“Easy Blues”:
    An edited extract of this gorgeous, free flowing instrumental was briefly issued as part of the long-out-of-print 1981 album Nine To The Universe. Now nearly twice as long, the track offers fans the opportunity to enjoy the dramatic interplay between Hendrix, second guitarist Larry Lee, Cox and drummer Mitch Mitchell.

    “Crash Landing”:
    Perhaps known as the title song for the controversial 1975 album that featured Hendrix master recordings posthumously overdubbed by session musicians, this April 1969 original recording has never been heard before. Hendrix is joined here by Cox and drummer Rocky Isaac of the Cherry People to record this thinly veiled warning to his girlfriend, Devon Wilson.

    “Inside Out”:
    Hendrix was fascinated by the rhythm pattern that would ultimately take form as “Ezy Ryder.” Joined here by Mitch Mitchell, Hendrix recorded all of the bass and guitar parts for this fascinating song — including a dramatic lead guitar part amplified through a Leslie speaker.

    “Hey Gypsy Boy”:
    The roots of Hendrix’s majestic “Hey Baby (New Rising Sun)” trace themselves to this March 1969 recording. Unlike the posthumously overdubbed version briefly issued as part of Midnight Lightning in 1975, this is original recording that features Hendrix joined by Buddy Miles.

    “Mojo Man”:
    Hendrix would lend a hand to Albert & Arthur Allen, the vocalists known as the Ghetto Fighters, whom he had befriended in Harlem long before he achieved fame with the Experience. When the two recorded this inspired, previously unreleased master at the legendary Fame Studios in Muscle Shoals, Alabama they took it back to Hendrix at Electric Lady Studios. Hendrix knew just what to do to elevate the recording beyond contemporary R&B to the new hybrid of rock, rhythm and blues he was celebrated for.

    “Villanova Junction Blues”:
    Long before his famous performance of this song at Woodstock, Hendrix recorded this studio version with Cox and Miles at the same May 1969 session that yielded “Hear My Train A Comin'” and “Bleeding Heart” also featured on this album. Never fully finished, the song stands as an example of the fertile ideas he hoped to harness and bring to fruition.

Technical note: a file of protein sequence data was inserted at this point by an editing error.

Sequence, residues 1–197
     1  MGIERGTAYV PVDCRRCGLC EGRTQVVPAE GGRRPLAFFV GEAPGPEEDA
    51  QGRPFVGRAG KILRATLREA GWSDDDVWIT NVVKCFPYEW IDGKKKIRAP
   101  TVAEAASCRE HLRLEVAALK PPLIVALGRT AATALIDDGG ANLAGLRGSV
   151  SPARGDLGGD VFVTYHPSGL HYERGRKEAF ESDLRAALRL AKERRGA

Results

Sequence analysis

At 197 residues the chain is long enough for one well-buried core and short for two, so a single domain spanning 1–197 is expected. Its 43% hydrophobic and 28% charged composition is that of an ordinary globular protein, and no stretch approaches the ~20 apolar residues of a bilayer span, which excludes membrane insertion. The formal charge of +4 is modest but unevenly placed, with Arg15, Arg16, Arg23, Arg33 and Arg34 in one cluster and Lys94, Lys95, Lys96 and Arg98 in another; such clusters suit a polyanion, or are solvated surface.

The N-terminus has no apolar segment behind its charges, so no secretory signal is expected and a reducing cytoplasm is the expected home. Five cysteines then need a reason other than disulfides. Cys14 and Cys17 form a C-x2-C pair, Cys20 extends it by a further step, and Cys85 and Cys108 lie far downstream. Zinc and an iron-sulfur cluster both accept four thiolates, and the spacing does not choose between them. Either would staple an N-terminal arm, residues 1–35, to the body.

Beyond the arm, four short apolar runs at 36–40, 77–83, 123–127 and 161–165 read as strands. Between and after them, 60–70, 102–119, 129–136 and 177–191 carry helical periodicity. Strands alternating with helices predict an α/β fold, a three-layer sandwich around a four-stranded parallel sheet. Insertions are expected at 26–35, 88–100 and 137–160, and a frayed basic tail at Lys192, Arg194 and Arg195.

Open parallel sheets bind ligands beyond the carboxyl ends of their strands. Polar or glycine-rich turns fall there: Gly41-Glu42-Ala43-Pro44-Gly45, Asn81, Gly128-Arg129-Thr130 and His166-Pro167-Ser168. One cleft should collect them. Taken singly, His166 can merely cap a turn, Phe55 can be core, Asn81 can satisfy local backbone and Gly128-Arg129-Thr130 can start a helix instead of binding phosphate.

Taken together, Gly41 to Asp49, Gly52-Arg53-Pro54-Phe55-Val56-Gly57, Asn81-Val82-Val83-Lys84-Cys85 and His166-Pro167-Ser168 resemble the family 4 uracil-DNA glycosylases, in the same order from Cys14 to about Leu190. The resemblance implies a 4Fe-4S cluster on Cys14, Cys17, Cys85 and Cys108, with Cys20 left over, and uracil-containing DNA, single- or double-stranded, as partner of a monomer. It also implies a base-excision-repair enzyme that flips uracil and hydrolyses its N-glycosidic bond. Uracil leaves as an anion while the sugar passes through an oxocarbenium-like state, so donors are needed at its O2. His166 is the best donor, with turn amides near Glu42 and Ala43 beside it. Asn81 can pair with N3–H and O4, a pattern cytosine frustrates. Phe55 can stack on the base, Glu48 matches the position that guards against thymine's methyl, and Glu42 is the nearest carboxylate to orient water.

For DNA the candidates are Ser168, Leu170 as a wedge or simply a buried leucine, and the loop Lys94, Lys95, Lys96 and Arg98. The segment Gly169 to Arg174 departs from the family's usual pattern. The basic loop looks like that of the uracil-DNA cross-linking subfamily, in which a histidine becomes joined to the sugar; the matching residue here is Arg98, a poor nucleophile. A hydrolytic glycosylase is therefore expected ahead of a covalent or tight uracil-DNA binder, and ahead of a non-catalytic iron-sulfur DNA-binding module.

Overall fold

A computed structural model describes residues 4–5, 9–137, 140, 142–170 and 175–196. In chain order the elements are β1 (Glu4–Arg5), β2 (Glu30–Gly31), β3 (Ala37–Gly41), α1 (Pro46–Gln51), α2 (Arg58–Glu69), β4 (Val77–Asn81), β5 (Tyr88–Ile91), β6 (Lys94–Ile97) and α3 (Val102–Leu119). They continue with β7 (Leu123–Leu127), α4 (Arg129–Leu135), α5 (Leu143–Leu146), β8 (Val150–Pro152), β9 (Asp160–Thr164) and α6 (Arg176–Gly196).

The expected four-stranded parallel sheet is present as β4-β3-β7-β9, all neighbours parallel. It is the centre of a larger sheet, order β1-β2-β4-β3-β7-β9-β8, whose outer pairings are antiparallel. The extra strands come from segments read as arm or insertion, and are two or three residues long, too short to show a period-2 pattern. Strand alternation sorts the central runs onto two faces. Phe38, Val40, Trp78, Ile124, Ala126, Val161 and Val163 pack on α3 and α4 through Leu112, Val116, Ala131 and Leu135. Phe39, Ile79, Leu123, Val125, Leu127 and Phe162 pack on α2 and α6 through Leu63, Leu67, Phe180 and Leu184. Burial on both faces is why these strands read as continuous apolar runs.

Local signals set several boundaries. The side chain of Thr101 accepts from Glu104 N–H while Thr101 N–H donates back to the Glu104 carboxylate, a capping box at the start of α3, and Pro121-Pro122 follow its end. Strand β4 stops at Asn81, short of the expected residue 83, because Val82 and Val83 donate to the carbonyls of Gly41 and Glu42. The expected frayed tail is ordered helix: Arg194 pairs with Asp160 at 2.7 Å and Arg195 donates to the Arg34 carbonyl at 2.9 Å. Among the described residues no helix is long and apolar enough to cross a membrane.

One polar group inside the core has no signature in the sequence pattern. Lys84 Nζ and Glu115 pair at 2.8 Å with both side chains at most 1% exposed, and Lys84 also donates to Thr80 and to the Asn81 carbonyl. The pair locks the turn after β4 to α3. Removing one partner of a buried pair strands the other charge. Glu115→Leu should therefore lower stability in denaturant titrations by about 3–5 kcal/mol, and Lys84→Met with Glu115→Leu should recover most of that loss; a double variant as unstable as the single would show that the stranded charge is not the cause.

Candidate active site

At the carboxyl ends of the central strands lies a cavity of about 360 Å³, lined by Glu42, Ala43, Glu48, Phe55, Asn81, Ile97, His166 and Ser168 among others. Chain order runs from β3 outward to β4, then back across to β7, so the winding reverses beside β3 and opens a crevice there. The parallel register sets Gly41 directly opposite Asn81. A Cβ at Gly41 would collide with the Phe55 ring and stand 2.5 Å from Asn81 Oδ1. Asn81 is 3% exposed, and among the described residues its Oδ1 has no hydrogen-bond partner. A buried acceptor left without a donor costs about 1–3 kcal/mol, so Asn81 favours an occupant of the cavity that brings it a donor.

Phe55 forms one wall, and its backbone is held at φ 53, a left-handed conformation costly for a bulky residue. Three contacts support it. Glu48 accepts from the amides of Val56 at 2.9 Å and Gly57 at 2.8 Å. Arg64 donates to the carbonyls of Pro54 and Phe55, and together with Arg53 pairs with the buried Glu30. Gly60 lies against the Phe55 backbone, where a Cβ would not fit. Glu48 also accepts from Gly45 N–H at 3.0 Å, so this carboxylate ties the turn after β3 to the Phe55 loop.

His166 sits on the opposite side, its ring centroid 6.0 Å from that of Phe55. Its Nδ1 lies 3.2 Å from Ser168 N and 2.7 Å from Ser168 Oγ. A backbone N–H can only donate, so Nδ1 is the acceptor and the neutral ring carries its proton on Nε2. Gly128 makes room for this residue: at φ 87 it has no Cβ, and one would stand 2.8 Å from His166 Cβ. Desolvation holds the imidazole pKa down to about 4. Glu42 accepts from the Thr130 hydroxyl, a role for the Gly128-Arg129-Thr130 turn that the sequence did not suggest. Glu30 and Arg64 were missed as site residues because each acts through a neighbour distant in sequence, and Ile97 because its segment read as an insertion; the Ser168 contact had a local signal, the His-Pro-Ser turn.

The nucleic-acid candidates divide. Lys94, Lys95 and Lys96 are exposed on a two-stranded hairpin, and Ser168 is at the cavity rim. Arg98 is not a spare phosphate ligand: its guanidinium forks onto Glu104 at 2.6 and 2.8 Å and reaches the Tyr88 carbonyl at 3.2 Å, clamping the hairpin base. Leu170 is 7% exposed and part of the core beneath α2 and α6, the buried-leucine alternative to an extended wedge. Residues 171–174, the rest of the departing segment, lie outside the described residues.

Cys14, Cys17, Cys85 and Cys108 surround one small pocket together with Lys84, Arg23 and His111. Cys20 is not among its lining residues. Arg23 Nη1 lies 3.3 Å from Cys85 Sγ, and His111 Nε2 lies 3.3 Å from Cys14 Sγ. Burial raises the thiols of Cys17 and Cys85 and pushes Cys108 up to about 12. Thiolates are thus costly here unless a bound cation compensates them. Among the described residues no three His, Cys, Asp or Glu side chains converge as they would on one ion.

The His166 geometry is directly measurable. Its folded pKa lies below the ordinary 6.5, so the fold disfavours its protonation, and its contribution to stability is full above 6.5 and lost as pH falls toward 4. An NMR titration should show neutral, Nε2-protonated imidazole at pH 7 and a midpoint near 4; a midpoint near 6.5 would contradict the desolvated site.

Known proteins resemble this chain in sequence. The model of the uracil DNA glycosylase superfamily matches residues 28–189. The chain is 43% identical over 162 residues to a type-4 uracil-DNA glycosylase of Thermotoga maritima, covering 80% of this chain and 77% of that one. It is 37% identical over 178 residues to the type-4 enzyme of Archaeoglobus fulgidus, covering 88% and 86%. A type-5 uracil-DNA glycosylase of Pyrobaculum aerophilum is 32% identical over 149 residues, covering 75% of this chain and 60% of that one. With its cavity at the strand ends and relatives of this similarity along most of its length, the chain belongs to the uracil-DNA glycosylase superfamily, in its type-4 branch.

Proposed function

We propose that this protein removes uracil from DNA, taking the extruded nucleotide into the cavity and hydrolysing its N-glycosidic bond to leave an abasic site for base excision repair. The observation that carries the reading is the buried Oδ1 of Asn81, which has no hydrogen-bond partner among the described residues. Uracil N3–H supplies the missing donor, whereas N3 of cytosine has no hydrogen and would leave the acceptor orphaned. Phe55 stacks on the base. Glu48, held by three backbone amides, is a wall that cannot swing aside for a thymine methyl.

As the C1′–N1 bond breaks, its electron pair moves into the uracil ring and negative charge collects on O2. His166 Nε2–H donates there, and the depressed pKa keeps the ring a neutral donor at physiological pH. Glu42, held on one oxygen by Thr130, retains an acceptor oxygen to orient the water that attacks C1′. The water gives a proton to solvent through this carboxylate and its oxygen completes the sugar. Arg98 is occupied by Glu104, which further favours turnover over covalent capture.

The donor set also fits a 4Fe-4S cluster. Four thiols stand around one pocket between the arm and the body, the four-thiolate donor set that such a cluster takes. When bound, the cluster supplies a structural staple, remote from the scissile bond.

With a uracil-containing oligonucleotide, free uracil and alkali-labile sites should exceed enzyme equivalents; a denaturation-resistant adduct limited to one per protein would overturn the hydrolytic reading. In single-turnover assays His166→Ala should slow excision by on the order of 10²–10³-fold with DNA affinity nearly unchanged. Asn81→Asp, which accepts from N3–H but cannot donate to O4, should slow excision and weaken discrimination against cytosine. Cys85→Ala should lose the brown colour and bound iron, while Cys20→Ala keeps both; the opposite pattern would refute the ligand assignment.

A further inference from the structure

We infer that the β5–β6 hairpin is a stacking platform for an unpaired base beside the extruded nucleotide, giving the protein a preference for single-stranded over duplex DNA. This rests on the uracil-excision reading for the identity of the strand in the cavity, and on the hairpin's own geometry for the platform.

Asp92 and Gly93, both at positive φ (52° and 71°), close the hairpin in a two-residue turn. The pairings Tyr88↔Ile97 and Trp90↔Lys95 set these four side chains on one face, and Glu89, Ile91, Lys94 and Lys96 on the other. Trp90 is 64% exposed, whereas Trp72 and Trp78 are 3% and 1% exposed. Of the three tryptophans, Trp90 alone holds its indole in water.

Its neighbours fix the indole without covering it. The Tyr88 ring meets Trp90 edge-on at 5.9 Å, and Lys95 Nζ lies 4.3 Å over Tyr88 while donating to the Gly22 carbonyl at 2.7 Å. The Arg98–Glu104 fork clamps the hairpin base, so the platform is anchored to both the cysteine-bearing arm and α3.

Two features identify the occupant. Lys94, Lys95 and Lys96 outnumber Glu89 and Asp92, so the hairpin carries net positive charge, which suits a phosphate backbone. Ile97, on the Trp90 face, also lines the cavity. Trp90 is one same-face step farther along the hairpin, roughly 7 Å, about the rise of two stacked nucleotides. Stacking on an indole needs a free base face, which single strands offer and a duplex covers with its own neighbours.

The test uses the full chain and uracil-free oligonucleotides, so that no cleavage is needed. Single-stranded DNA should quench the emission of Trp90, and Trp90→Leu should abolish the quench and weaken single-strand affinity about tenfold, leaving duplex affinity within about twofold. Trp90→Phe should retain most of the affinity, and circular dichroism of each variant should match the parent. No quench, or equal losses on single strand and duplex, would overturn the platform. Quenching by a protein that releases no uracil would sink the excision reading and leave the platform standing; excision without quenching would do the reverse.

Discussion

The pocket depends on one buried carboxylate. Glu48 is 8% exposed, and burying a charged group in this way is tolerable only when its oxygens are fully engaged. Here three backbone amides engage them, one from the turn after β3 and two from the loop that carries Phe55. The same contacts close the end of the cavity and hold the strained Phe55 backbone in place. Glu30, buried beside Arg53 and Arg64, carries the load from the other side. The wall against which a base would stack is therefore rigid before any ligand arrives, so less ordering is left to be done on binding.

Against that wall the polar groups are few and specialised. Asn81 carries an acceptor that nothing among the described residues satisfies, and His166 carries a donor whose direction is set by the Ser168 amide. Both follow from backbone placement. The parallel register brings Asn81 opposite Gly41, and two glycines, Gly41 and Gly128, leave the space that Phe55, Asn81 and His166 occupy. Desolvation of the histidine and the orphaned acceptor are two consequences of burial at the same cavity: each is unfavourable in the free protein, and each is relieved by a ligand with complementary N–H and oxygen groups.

• 2
    Frito
    November 28, 2012 - 08:57 | Permalink

    Eeewhhuuu! Another money-grab from Janie, Eddie, & John. Jimi is spinning like a lathe in his grave. He never would issue any of this stuff. You can remix and edit a afternoon jam anyway you want, it’s not new material. They’ll be doing this forever ( see The Doors & many others). Will I put it on the endless shelf of Hendrix……yeah probably.

  • 3
    Willard
    November 28, 2012 - 09:07 | Permalink

    The endless shelf, indeed.

  • 4
    November 28, 2012 - 14:26 | Permalink

    Someday they will get this shit right.

  • 5
    3410
    November 28, 2012 - 23:36 | Permalink

    Remember when we thought the ‘seventies catalogue was bad? ;)

    I’ll still check it out though; it might have the odd gem on it.

  • 6
    Mike
    November 30, 2012 - 12:36 | Permalink

    Meanwhile a track like the 8:47 “Gloria”, probably the best version ever, by anyone, of Van Morrison’s garage-rock classic, remains unknown to most people because Experience Hendrix apparently doesn’t like the dirty language Jimi used in it.